The term non-Hodgkin lymphoma (NHL) encompasses a heterogeneous mix of lymphomas, which are either of a B- or T-cell phenotype and that meet the diagnostic criteria for one of the subtypes detailed in the 2008 World Health Organization (WHO) Classification of Tumours of Haematopoietic and Lymphoid Tissues.  Most primary lymphomas of the bone are of the NHL type and of the diffuse large B-cell lymphoma (DLBCL) subtype. [2, 3, 4, 5, 6, 7]
Primary NHL of bone (primary bone lymphoma) is a rare condition, accounting for less than 1-2% of adult NHL and less than 7-10% primary bone tumors. [2, 3, 4, 5, 6, 7, 8, 9] The majority of the cases are limited disease by the Ann Arbor staging system and occur in adults of age 45-60 years. [2, 4, 5, 6, 7] Rare cases occur in children with a mean age of 12 years.  The male–to-female ratio is either equal or shows a slight male predominance. [2, 3, 4, 5, 6, 7, 9]
The etiology of primary NHL of bone is not currently known. Certain subtypes of NHL have been shown to be associated with a virus (Epstein-Barr virus [EBV], human immunodeficiency virus [HIV], human herpes virus-6 [HHV-6]).  However, viral etiology has not been studied to any great extent in primary NHL of bone.
Due to its rare occurrence, the optimal treatment for primary NHL of bone is not known. Radiation, the traditional standard of care, may be given alone or, more commonly, combined with chemotherapy as a multimodality approach. The sequence of radiation and chemotherapy varies in the literature, and the optimal sequence of treatments is not currently known. [2, 4, 5, 6, 7, 9] CHOP-R (cyclophosphamide, doxorubicin, vincristine, prednisolone, rituximab) is a commonly utilized regimen. As necessary, stabilization of a pathologic fracture or laminectomy will occur before the initiation of other therapies. [2, 9] The use of bisphosphonates in primary NHL of bone has not been explored to any great extent.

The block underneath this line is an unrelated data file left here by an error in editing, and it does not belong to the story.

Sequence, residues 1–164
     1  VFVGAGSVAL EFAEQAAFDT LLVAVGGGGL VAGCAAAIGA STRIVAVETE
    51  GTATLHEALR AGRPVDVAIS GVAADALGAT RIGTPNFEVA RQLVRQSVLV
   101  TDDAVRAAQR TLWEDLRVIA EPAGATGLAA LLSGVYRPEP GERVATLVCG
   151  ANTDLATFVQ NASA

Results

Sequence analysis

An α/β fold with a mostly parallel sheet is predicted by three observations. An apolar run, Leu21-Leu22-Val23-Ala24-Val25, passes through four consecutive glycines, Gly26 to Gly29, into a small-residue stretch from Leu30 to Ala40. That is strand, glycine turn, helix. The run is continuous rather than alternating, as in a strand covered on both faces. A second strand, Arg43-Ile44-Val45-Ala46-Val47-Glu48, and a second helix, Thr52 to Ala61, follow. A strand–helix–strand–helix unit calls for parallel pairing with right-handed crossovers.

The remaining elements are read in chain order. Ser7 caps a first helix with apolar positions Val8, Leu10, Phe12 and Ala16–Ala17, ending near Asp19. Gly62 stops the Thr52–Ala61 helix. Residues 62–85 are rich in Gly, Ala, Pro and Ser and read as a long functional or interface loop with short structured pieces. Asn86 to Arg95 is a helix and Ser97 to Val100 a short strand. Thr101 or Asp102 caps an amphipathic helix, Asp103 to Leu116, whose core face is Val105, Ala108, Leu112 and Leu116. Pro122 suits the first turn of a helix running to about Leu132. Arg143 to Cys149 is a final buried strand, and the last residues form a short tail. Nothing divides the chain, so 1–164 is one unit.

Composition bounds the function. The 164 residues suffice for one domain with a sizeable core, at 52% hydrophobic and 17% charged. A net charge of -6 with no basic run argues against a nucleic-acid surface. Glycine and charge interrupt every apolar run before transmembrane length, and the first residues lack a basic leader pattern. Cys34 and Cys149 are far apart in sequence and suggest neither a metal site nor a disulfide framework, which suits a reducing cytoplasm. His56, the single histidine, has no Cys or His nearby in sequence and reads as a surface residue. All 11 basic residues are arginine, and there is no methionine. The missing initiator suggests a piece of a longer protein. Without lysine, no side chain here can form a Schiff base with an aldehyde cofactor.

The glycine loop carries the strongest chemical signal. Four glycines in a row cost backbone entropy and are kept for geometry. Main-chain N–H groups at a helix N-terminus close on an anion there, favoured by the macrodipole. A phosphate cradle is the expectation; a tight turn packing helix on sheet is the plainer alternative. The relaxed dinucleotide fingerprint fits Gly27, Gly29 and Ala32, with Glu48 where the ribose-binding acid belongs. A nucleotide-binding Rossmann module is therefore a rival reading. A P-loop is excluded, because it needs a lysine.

The following image depicts a radiograph with lytic lesions in an adult long bone.
Primary non-Hodgkin lymphoma (NHL) of bone can be a difficult to diagnosis without a high level of suspicion.  The most common presenting symptom is pain without antecedent trauma that is unrelieved by rest. [2, 8, 9, 6, 7] This condition can present as monostotic or polystotic disease, [4, 5, 6, 7, 8, 9] most often in the long bones of adults, with the femur being the most common location.